Last year, around the time R. Kelly debuted his single ”Heaven I Need a Hug” on a radio station in his native Chicago, he may have been thinking ”Heaven I need a good lawyer and publicist.” On June 5, instead of a hug, the 36-year-old Grammy-winning R&B singer got arraigned on 21 counts of child pornography, stemming from a video that allegedly showed Kelly engaging in sexual activities with a minor.
The scandal quickly reminded the public of Kelly’s past — and possibly current — penchant for underage girls: His brief marriage to then-15-year-old singer Aaliyah in 1994 was annulled a few months later by her parents. Two subsequent lawsuits by underage girls claimed Kelly coerced them into sex. (He settled one for a reported $250,000 and the second for an undisclosed sum.) By the time illicit copies of the tape hit the streets, Kelly’s career looked dead.
But less than a year after the initial scandal broke — and just a month after his Miami arrest for possession of child pornography — Kelly’s current single, ”Ignition (Remix),” is getting MTV play and currently tops urban radio playlists, even at stations that previously barred his tracks.
”When we took the songs off the radio it was not any type of ban on him particularly,” explains Erik Bradley, music director at Chicago’s B96. ”It was the songs we were playing that we felt were inappropriate to have on at the time when all of that drama was swirling.”
The Best of Both Worlds, Kelly’s 2002 collaboration with rap mogul Jay-Z, was released days after the video scandal — and the album (which featured such suggestive songs as ”Somebody’s Girl” and ”Naked”) tanked. But this time around, Kelly fans have gobbled up Chocolate Factory, pushing the opening-week album sales to No. 1 at 538,000 — beating out 50 Cent, according to Nielsen SoundScan.
”History shows, like O.J., Mike Tyson, Michael Jordan and Michael Jackson, that a lot of times the black community tends not to see the actual wrong or alleged wrong,” says Wendy Williams, an on-air personality at the New York City radio station WBLS. ”I love my people, but often we will support someone just because it’s a ‘black thing.’ I think that’s a big contribution to R. Kelly’s current success.” But Talib Shabazz, manager of Ear Wax Records in Atlanta, where Factory is a top seller, credits product, not racial politics: ”Everybody knows he’s a freak and the man needs help. But he makes good music.”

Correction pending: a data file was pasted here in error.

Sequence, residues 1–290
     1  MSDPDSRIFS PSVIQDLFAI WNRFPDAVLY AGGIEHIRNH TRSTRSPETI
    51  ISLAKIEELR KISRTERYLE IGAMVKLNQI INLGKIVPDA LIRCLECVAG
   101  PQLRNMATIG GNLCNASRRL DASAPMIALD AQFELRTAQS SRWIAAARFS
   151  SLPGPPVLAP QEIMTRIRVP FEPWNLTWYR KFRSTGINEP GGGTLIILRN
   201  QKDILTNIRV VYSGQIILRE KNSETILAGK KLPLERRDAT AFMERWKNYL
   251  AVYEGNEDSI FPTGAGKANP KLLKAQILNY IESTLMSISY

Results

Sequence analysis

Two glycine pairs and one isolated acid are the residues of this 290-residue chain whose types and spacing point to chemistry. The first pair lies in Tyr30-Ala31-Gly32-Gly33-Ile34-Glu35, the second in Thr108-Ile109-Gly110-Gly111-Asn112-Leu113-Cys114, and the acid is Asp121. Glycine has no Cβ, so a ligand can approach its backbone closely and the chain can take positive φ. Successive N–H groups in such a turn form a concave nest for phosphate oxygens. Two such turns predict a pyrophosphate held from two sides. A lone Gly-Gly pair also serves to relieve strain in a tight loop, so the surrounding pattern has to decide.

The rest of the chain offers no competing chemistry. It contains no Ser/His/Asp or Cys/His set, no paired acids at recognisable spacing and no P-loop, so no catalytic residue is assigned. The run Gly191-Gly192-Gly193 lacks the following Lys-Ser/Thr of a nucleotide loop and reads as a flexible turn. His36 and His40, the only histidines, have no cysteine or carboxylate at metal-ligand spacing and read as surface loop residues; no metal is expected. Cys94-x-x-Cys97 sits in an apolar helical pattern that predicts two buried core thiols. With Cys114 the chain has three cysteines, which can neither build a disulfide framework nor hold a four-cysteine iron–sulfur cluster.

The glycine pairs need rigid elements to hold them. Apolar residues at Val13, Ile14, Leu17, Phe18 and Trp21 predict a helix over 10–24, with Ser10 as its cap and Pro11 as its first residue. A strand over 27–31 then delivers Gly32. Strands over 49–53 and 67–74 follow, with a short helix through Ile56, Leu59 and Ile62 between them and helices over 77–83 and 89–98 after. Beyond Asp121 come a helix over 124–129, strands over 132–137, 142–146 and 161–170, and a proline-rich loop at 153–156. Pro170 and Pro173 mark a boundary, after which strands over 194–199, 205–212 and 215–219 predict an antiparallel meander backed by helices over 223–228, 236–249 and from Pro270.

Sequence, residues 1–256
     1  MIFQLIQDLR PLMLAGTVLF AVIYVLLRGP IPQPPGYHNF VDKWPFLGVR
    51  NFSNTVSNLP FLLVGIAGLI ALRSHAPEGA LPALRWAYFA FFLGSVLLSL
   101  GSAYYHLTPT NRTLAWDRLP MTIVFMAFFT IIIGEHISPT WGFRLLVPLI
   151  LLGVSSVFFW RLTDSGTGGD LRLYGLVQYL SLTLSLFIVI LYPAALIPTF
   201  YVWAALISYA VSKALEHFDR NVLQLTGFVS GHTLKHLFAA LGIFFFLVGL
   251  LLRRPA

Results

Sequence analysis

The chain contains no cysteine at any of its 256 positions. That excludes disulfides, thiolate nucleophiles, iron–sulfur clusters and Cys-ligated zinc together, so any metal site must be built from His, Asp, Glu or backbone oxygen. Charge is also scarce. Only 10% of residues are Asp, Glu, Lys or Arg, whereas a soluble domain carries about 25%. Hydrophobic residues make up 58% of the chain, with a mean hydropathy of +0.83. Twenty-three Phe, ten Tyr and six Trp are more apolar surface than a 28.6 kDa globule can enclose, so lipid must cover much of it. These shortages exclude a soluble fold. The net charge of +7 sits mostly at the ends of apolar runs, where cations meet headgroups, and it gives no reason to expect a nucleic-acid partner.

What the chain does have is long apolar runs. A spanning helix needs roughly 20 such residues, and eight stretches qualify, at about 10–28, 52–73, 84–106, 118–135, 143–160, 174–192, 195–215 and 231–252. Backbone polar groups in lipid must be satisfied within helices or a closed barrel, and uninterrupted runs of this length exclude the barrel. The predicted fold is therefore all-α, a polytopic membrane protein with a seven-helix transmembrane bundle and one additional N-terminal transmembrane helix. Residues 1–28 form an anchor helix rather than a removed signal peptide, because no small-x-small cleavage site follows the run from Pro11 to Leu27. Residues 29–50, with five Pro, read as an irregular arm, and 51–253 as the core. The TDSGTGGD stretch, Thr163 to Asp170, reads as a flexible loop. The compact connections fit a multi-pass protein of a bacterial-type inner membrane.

As a ”crisis manager” with Sitrick and Co., Allan Mayer has mopped up the messes of many troubled celebrities, including Halle Berry, Paula Poundstone, Tommy Lee, and now Kelly. ”On the one hand, you don’t want to do anything that’s going to compromise [the client’s] legal situation,” says Mayer. ”On the other hand, you don’t want to win in court and not have a life to come back to.”
The carefully calibrated post-scandal TV appearance is one of the tricks of Mayer’s trade. ”Ideally, you want to stay out in front of the situation,” he says. Hence Kelly’s May 8 interview with Ed Gordon on BET, in which the singer weepily confessed he’d ”done a lot of wrong things in [his] life” but denied any criminal charges. If you are admitting guilt, position yourself as the punchline before everyone else does. Witness Hugh Grant’s Tonight Show appearance just 13 days after his 1995 bust for soliciting oral sex from a prostitute, or Paul Reubens, who, six weeks after getting nabbed for exposing himself in a movie theater, trotted out as Pee-wee Herman at the 1991 MTV Video Music Awards and quipped, ”Heard any good jokes lately?”